Sarah Rich, the chef behind Rich Table (she runs it with her husband, Evan), is all about using indigenous dishes native to the region. Growing up in Louisiana, she admits their restaurant is the embodiment of the farm to table scene. Rich is a graduate of the French Culinary Institute and cut her teeth (and met her husband) at Bouley, along with other NYC restaurants.

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In 2007 they headed west where Sarah took a sous chef position at Michael Mina, and then to Coi. They opened Rich Table in 2012. Soon after, in 2014, Sarah was included on Food & Wine‘s “2014 list of Best New Pastry Chefs” where she was described as “a genius at transforming familiar American desserts like s’mores, always adding a savory ingredient—fresh herbs, for instance—to balance out a bit of the sweetness.”

Symrise sat down with her.

Symrise: How do you get your inspiration for your creations?

Rich: I really think that what people want at the end of the meal is something comfortable and familiar. That doesn't necessarily mean something simple. But I really take inspiration from desserts that I have enjoyed in my past.  I usually find inspiration from childhood favorites and go from there.

Symrise: What are some of your favorite ingredients to work with and why?

Rich: We have such great produce here in California that I always like to incorporate fresh fruits into my desserts. The trick is to keep them fresh and bright even if they're cooked or sweetened.  Acids such as citrus juices or fresh herbs like sorrel can help with this. I also use a touch of salt in everything I do. It's important not to use too much, but a little salt helps to bring out flavors and add a nice contrast to all of the sweet.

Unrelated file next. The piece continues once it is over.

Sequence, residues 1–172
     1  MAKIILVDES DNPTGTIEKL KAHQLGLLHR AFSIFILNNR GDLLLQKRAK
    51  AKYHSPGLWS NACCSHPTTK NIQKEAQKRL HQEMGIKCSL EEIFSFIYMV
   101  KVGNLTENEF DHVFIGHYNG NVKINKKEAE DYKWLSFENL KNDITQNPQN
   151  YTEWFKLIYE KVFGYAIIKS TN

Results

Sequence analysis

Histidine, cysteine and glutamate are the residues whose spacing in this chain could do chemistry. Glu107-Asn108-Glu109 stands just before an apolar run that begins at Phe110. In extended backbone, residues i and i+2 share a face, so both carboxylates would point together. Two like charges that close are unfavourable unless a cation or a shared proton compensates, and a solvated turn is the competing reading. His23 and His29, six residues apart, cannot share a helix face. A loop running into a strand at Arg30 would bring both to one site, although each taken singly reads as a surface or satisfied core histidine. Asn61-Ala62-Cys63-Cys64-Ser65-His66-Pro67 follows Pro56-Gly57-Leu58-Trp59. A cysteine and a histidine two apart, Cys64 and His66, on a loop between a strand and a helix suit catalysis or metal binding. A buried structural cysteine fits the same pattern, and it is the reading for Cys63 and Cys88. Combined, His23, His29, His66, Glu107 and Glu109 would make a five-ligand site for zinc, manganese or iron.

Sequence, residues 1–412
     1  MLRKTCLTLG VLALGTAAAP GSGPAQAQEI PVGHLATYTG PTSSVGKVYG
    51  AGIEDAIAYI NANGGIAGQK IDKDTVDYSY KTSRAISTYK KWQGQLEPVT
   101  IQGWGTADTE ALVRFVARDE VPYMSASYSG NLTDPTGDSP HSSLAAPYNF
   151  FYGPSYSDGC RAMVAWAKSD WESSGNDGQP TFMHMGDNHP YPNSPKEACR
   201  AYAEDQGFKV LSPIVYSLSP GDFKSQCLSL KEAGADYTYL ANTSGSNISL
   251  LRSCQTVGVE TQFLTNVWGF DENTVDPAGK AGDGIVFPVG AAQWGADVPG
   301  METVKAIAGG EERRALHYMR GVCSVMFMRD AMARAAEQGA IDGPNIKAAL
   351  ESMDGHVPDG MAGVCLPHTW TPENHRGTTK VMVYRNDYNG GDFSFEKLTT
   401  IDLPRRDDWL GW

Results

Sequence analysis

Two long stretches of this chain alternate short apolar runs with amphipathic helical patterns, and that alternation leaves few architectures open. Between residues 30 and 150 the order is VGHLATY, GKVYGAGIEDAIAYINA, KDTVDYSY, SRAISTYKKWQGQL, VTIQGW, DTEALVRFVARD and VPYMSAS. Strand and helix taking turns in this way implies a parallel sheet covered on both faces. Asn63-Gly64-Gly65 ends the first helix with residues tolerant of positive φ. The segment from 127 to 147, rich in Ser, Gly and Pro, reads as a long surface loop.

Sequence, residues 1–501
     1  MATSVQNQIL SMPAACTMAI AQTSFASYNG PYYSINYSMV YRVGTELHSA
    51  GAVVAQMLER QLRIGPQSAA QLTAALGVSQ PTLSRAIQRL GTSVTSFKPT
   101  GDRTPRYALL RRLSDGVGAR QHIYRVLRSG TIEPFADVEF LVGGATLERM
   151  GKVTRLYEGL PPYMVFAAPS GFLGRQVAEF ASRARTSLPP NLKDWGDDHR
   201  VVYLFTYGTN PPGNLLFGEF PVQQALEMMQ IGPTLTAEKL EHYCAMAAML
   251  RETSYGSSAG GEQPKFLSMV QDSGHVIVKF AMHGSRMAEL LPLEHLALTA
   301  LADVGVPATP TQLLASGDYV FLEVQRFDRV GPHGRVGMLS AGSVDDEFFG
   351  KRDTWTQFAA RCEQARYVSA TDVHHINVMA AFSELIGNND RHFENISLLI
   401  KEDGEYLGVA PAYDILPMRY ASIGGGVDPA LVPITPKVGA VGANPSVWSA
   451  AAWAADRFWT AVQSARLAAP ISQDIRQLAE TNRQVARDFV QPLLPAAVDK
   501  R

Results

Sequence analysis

Symrise: Any new ingredients or flavor combinations you are working with?

Rich: There's not one thing in particular I can think of right now, but I would say that it's exciting as the seasons change to think of new ways to use fruits or even vegetables in my desserts.  For example I have made a cherry tomato tarte tatin with white chocolate and basil sorbet that was a knockout, really unexpected and delicious.

Symrise: Are desserts your most fun things to make? Or do you like to do a variety of items?

Rich: My real training is in savory, and honestly I prefer it. But it has been really fun to learn pasty and challenge myself with it. Understanding pastry has made me a much better cook overall, and much more well-rounded. 

Symrise: Do any particular chefs inspire you and if so, who are they and how do they help?

Rich: So many chefs inspire and help me. Everyone I've ever worked for, my husband of course.  I've had some great mentors…David Bouley, Galen Zamarra, Chris L'Hommedieu, Bill Corbett.  And of course there's always something to be learned from the cooks you work with.  Inspiration and learning can come from anywhere.

Symrise: What would people be surprised to know about the "sweet" side of the business?

Rich: How hard it is. People have this idea that the savory side is where the real challenge is.  But pastry is very specific, very scientific, it takes a delicate hand.  It is just as challenging to develop a balanced, well-rounded dessert as it is to do the same with a savory dish.  And the hours and effort required are no different in pastry than in savory.

 

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